Next Sunday, Jesus’s ministry reaches its earthly climax with the triumphal entry into Jerusalem marking the beginning of Holy Week. Today’s Gospel, as recorded by St. John, provides an impetus for the fervor of the crowd as Jesus performs arguably his greatest sign in raising Lazarus from the dead. This Gospel stands out as a beautiful demonstration of the reality of Jesus Christ being both God and man.
Jesus comes to Bethany at the request of his friends. Martha and Mary have sent Him word that Lazarus their brother is gravely ill. Jesus comes to Bethany, though later than Martha and Mary had hoped for, and finds that Lazarus is dead, in fact he has been buried for four days. At the reality of Lazarus’s death and the grief or Martha and Mary, John records for us that Jesus weeps. This is a detail that we cannot simply pass over. It is important for us to see that Jesus truly did assume our human nature and that, like us, he was affected by the tragedies and sorrows of life.
Here we see how wondrously our shared human nature is joined in Jesus to the divinity of His person. Jesus comes to Lazarus’s tomb and, over protestations, asks that the stone be rolled away. In what must have been an astonishing moment, Jesus then calls Lazarus forth from the darkness of the tomb and back to life, showing that He truly is the Lord of life.
In these days late Lenten days, as we prepare to enter into Passiontide, we need to remember that Jesus Christ both shares in our human trials and at the same time offers us the grace to be lifted above them. Jesus is no stranger to frustration, disappointment, uncertainty, and even fear. He truly is one with us in all things but sin. At the same time, He is the God who is calling us out of darkness and beyond our fears into light and hope.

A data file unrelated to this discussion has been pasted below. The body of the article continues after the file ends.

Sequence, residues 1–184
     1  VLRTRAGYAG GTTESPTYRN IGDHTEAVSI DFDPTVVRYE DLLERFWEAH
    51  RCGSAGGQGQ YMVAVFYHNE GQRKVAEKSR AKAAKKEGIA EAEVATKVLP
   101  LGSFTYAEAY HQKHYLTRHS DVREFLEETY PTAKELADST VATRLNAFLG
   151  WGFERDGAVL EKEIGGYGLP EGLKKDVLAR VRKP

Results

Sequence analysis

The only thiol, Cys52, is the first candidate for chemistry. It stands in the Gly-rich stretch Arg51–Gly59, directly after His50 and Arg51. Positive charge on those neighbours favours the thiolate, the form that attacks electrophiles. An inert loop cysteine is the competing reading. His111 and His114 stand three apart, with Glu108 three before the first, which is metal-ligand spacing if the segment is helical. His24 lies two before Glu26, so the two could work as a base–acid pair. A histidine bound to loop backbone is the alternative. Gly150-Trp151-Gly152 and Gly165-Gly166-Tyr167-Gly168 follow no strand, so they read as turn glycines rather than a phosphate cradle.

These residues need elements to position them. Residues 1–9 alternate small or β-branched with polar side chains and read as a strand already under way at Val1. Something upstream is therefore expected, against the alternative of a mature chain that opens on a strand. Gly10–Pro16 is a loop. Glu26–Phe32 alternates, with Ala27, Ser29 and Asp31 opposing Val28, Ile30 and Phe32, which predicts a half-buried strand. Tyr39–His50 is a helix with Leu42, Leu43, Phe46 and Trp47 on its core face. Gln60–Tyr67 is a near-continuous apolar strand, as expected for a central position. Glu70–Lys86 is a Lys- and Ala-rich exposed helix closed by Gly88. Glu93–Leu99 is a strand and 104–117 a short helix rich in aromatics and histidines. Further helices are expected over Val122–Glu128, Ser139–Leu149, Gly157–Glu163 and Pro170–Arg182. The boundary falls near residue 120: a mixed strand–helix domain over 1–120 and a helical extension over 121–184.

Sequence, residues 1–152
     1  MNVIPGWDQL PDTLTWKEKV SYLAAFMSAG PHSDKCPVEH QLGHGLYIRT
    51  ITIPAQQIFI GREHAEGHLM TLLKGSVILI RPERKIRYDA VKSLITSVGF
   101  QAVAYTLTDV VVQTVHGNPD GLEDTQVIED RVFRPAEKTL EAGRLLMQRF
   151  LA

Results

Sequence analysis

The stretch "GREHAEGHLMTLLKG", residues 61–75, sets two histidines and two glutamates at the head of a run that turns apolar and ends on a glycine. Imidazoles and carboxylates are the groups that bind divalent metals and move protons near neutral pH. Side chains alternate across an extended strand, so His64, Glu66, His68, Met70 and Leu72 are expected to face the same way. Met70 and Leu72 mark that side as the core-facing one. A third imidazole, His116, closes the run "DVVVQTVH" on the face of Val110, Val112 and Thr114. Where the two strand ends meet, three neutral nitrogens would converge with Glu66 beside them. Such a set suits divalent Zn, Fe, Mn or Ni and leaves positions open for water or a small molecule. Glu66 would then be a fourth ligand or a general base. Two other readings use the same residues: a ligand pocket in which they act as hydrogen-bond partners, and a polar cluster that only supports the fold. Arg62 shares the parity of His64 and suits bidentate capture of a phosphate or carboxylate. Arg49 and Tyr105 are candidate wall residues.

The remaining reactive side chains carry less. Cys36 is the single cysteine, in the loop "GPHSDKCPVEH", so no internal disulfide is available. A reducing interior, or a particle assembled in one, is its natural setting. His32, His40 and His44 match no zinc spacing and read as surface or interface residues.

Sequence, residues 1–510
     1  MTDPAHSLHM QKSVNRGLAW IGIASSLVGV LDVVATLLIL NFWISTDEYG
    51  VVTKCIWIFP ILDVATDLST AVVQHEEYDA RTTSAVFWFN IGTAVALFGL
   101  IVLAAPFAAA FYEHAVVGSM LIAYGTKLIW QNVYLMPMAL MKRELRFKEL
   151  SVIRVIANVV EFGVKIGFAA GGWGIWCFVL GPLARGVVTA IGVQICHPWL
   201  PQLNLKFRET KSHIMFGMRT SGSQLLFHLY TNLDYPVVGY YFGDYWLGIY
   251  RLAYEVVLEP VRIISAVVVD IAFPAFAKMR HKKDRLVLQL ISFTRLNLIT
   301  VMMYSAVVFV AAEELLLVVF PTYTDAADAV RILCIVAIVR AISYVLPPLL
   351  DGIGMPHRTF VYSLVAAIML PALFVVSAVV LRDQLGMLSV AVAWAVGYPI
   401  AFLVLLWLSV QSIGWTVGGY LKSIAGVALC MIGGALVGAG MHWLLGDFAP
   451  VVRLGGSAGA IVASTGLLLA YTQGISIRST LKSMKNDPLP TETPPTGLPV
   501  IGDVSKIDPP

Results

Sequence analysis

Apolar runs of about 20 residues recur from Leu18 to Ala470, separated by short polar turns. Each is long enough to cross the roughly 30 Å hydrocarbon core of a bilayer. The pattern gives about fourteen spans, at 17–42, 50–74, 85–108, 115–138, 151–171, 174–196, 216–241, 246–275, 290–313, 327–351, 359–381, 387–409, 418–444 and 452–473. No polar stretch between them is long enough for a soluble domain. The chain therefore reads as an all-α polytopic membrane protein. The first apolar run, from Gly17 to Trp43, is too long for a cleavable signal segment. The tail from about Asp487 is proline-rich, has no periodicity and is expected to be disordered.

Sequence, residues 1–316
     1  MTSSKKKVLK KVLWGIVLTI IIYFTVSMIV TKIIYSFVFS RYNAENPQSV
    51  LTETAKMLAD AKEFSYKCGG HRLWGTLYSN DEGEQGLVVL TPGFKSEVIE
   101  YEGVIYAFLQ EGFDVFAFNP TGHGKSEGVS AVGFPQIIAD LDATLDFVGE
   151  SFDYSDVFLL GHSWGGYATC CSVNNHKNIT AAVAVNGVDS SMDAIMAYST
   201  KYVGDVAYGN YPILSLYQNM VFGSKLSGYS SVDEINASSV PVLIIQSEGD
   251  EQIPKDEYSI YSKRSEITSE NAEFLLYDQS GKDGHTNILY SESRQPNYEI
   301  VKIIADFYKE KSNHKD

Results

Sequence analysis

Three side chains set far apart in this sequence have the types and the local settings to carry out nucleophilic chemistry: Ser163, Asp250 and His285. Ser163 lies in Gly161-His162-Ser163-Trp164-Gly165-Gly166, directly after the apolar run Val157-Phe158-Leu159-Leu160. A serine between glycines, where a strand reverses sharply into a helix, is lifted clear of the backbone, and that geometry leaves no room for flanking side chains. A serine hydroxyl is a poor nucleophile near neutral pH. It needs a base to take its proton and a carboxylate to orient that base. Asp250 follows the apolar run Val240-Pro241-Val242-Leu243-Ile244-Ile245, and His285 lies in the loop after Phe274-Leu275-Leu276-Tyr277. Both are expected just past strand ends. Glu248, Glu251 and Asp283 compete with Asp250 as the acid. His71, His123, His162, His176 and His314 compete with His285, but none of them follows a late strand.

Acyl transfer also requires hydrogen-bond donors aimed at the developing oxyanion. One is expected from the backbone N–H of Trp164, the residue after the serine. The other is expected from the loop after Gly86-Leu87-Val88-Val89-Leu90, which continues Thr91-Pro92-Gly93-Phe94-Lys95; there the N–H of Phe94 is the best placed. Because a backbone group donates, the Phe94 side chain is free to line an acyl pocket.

As we face the on-going challenges and uncertainty of this pandemic, we wonder when is it going to end, how might things change, and/ or what am I going to lose? Remember Jesus’s words when Lazarus come forth from tomb, wrapped in burials cloths: untie him and let him go. Jesus makes this same command regarding our fears, uncertainty, and doubts, but we also have to be willing to let them go.
Easter is set. There is no moving it. There is no stopping the coming of the feast. We may not be able to celebrate these coming days as we would like but our present challenges do not change the reality of Holy Week and Easter, that Christ has died, risen, and will come again. In fact, He is coming to us each day, calling us out of the tombs of doubt, uncertainty, fear, and our sinfulness. He is calling each of us by name; do not let His call go unanswered.
Father Christopher House is the Rector of the Cathedral and serves in various leadership roles within the diocesan curia, namely Chancellor and Vicar Judicial.